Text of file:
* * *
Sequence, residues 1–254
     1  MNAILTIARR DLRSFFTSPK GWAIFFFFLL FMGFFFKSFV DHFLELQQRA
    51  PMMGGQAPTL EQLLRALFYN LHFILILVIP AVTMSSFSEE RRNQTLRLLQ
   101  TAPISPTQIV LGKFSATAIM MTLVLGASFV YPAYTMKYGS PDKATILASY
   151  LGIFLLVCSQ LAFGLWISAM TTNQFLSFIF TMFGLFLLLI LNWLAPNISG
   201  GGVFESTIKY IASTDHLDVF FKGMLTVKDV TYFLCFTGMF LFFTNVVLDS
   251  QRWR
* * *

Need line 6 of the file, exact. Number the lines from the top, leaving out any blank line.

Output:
   201  GGVFESTIKY IASTDHLDVF FKGMLTVKDV TYFLCFTGMF LFFTNVVLDS